Well, how’s that for an eventful week!
Since I last wrote to you, the US Federal Reserve, the European Central Bank, the Bank of England, and the Reserve Bank of Australia met up…
And bang! One after another delivered interest rate increase after increase.
Markets believe interest rates will stop rising sometime soon. On the other hand, central banks seem intent on going higher…which, if they do, (and that’s a big if) won’t be good news for stocks.
The other big piece of news out there was the Chinese balloon ordeal. You’ve likely heard about it.
For days, the massive balloon crossed the US before being shot down on the east coast.
It may not be the only one out there.
There’s been reports of other balloon sightings in Latin America and Canada.
Asian countries are looking into previous flying objects reports:
There’s no denying that geopolitical tensions are also keeping markets on edge.
Antonio Guterres, the head of the United Nations, even warned this week:
‘The prospects for peace keep diminishing. The chances of further escalation and bloodshed keep growing. I fear the world is not sleepwalking into a wider war. I fear it is doing so with its eyes wide open.’
There’s certainly plenty of risk out there.
We’ve gone from a long period of globalisation and collaboration. Now countries are shifting into a reshoring of their supply chains.
And nowhere is this clearer than in the energy sector.
Global energy markets are completely interconnected, and any disruption, like today’s Ukraine-Russian war, can send energy prices soaring — as we’ve seen already.
On the other hand, almost every country can, in some capacity, produce renewable energy. Home-produced renewable energy can provide diversification and reduce the need of energy imports.
So, among all the doom and gloom, the need for energy security continues to push the energy transition forward
Two events have changed energy markets
Every year, British Petroleum (BP) releases its BP Energy Outlook report…and it’s a must-read.
As you may remember, in their 2020 report, BP famously declared that we could have passed ‘peak oil’.
In their recent report, they’ve updated their future scenarios to include the impact of two large events in energy markets last year: the Russia-Ukraine war and the US’s Inflation Reduction Act (IRA).
We’ve talked plenty about the IRA here. In my view, it’s one of the most significant events for the energy transition.
It’s a big deal that the US is looking to bring in clean tech manufacturing closer to home. But as mentioned, the IRA is causing some concern in Europe in that it will shift manufacturing capacity into the US.
But back to BP.
As they wrote in their report:
‘The role of hydrocarbons diminishes as the world transitions to lower carbon energy sources. The share of fossil fuels in primary energy declines from around 80% in 2019 to between 55-20% by 2050.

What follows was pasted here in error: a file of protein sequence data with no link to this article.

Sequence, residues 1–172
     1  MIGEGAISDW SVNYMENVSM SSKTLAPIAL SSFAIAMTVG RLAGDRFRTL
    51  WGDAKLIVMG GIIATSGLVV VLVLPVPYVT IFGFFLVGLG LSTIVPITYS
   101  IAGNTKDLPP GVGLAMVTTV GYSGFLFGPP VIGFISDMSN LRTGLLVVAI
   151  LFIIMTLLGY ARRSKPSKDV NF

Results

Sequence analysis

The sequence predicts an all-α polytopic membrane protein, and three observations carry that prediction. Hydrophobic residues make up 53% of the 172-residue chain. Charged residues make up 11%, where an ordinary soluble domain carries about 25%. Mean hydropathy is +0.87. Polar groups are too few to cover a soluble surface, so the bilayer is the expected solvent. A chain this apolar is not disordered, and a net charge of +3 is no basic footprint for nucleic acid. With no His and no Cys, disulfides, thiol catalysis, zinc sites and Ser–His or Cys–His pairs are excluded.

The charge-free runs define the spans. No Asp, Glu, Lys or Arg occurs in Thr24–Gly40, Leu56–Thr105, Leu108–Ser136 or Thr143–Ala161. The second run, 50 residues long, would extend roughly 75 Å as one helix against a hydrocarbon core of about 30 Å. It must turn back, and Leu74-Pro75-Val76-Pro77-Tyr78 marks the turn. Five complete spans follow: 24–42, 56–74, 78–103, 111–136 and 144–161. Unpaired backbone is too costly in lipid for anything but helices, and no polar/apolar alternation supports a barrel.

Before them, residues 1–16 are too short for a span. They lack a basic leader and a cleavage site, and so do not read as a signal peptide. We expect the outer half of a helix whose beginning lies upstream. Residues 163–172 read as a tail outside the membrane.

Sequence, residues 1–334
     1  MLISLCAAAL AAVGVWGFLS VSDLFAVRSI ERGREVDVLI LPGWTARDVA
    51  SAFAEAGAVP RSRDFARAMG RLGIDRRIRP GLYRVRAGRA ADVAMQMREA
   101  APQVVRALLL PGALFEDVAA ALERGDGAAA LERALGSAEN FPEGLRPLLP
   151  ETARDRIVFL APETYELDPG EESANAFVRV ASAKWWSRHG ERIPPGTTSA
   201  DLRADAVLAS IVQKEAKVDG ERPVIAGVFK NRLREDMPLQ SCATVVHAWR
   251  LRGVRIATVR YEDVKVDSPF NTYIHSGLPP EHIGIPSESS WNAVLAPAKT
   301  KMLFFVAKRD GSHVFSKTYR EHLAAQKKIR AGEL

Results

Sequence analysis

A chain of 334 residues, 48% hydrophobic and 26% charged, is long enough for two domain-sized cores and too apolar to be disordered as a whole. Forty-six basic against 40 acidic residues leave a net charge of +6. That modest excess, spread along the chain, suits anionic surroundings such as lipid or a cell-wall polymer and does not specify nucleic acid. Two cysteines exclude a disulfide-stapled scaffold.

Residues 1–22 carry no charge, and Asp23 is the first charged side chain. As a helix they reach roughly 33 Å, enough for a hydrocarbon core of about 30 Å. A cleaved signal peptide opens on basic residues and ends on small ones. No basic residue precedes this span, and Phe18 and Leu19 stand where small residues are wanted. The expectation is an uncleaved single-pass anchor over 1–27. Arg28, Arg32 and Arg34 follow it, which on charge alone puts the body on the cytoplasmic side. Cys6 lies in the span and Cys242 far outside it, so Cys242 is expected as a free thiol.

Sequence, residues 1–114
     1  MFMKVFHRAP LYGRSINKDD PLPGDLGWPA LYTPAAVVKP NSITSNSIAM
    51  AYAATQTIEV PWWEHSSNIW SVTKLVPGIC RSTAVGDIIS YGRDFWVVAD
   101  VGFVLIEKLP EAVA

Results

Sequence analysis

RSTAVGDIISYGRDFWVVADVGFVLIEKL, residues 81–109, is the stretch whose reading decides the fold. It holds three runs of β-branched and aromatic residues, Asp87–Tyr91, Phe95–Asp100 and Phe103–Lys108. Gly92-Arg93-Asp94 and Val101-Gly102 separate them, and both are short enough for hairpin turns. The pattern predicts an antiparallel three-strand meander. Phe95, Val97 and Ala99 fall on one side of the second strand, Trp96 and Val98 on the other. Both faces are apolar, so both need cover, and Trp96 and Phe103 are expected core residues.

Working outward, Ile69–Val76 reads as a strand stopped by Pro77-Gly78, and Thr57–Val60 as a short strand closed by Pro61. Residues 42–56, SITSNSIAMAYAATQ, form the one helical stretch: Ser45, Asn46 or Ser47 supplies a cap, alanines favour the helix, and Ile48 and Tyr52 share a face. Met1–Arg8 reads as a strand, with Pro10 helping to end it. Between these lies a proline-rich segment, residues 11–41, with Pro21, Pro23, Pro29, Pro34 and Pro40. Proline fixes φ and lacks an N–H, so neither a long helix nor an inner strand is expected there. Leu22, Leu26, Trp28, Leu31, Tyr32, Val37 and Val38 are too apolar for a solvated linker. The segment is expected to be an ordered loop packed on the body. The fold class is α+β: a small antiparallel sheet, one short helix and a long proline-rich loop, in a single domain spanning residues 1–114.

‘The total consumption of fossil fuels declines in all three scenarios over the outlook. This would be the first time in modern history that there has been a sustained fall in the demand for any fossil fuel.
‘Renewables expand rapidly over the outlook, offsetting the declining role of fossil fuels. The share of renewables in global primary energy increases from around 10% in 2019 to between 35-65% by 2050, driven by the improved cost competitiveness of renewables, together with the increasing prevalence of policies encouraging a shift to low-carbon energy. In all three scenarios, the pace at which renewable energy penetrates the global energy system is quicker than any previous fuel in history.’
In particular, BP sees oil demand ‘plateauing’ in the next decade and then going into decline as less cars on the road are fuelled by oil:
Source: BP Energy Outlook
Remember, this is big oil talking. That they’re even saying this should give some pause for thought.
So, while things may be looking uncertain out there, there’s a big opportunity here…
A long-term megatrend
Batteries, electric vehicles…these are going to need plenty of raw materials.
In particular, demand for lithium — a critical material for lithium-ion batteries — is expected to keep increasing at a fast pace for some years.
On that note, my colleague Callum Newman may have found a ‘hidden gem’ in this sector. It’s an obscure lithium play in disguise.
You can learn more about this stock, along with Cal’s four additional best stock ideas, here.
In short, among all the uncertainty, countries are driving investment into locally produced energy and the tech needed for it to increase energy security.
It’s a megatrend that will play out for years to come.
Editor, Money Morning